O cannabis: Court forces sale of pot

By Tom Cohen Associated Press
From the Rocky Mountain News, Thursday, July 10, 2003

TORONTO - Canada's government will sell marijuana and seeds to sick people
and their suppliers to fulfill a court order for it to provide medical pot by Wednesday.

The announcement of the interim measure satisfies an Ontario court order
while the federal government appeals the ruling.

Under the program announced by the Health Minister Anne McLellan,
eligible patients can buy just over an ounce of dried marijuana for $112,
well below street prices, about once a month.
Authorized growers can buy packs of 30 seeds once a year for $15.

Health Canada spokeswomen Cindy Cripps-Prawak
said the government-grown wed has a THC content of 10 percent,
compared to between 3 percent and 18 percent in most street marijuana.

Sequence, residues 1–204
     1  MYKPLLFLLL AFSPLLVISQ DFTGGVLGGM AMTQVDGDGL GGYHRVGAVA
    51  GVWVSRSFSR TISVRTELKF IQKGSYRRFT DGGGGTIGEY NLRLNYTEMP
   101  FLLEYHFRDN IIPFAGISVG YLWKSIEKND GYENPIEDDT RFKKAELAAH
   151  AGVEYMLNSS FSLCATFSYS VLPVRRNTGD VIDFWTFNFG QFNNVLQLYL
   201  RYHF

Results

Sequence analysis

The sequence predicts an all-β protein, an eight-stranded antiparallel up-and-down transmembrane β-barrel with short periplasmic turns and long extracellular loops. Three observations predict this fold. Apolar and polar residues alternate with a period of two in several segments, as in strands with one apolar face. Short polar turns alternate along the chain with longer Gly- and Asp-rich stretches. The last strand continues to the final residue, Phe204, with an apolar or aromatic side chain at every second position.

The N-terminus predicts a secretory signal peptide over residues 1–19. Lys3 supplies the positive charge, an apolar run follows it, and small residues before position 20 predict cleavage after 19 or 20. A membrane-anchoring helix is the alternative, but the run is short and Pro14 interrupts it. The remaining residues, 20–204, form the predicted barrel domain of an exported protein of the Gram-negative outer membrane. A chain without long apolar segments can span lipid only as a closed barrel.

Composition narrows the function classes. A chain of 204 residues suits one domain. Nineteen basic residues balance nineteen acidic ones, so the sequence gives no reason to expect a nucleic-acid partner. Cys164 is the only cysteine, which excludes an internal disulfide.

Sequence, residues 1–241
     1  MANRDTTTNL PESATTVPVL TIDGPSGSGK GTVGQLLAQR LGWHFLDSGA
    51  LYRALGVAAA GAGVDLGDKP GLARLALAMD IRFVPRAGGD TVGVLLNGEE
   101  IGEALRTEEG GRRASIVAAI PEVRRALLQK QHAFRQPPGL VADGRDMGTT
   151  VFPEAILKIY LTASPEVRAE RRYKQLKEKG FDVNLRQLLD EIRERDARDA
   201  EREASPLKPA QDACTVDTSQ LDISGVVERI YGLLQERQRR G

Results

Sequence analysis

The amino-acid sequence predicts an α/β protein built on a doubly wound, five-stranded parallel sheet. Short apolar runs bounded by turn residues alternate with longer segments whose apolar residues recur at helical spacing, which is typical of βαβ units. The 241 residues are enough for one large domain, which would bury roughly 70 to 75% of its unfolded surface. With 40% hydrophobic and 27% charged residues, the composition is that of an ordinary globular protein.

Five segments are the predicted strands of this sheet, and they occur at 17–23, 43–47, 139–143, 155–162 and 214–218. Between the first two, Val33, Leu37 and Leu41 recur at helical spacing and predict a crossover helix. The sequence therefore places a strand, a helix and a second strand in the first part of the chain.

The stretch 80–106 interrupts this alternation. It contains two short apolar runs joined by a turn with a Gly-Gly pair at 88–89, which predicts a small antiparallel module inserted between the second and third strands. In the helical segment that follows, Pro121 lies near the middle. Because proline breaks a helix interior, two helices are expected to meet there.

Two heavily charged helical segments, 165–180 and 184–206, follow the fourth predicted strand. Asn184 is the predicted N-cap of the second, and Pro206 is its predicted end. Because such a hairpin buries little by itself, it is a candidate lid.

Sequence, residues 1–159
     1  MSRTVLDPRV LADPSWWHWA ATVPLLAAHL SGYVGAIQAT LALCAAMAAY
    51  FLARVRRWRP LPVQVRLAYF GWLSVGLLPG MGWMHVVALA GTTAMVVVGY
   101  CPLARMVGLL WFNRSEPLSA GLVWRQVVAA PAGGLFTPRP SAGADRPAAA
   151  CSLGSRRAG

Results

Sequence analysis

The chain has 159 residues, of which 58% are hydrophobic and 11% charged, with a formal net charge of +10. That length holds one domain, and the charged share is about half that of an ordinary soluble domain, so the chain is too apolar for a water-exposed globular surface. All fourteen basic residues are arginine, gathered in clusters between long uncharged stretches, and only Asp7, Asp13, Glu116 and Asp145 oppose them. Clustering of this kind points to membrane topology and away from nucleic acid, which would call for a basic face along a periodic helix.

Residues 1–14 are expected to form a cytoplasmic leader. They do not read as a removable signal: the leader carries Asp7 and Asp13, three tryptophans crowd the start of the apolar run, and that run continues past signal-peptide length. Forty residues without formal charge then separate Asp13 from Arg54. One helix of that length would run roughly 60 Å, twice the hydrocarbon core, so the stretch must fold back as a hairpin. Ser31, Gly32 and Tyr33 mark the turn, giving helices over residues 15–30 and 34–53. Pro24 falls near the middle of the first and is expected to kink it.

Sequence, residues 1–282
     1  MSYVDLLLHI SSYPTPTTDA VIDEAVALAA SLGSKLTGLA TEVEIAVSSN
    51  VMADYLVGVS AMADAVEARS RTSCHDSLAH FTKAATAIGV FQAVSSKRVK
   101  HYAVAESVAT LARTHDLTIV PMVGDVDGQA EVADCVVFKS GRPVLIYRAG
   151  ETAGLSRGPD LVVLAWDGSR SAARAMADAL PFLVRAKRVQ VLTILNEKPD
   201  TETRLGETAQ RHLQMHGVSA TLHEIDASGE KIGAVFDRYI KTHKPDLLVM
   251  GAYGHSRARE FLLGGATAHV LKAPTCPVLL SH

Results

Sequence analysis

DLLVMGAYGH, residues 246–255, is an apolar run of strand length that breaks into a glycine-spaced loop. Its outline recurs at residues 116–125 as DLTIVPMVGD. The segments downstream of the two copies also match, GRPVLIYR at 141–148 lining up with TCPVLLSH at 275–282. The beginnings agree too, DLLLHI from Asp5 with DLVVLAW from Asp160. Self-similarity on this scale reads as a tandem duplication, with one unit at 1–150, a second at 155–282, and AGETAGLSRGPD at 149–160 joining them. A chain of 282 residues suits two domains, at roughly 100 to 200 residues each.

Tetrahydrocannabinol, or THC is the psychoactive chemical in marijuana.

The Ontario court ruling in January gave the government until Wednesday
to broaden access to medical marijuana,
saying that current laws made "seriously ill, vulnerable people
deal with the criminal underworld to get medicine."

Wednesday's announcement continued Canada's long-running debate on medical marijuana,
and came as the government prepares to consider legislation
that would decriminalize possession of small amounts of pot.

The medical marijuana issue involved people with catastrophic or chronic illness
who say they need the soothing effects of THC to ease pain and control nausea and other problems.

Canada unveiled plans for medical marijuana in 2000
and began growing a supply in an abandoned mineshaft in Manitoba.

Those regulations also cleared the way for distribution of government-grown pot.
Health Canada later announced it needed more tests
on the effects of medicinal marijuana and the quality of its pot before making any available.

That brought last year's court ruling ordering the government
to offer a legal supply instead of making patients buy off the street.

While hundreds have received federal exemptions to grow and possess marijuana,
others complain about the difficulty of getting doctors to approve requests.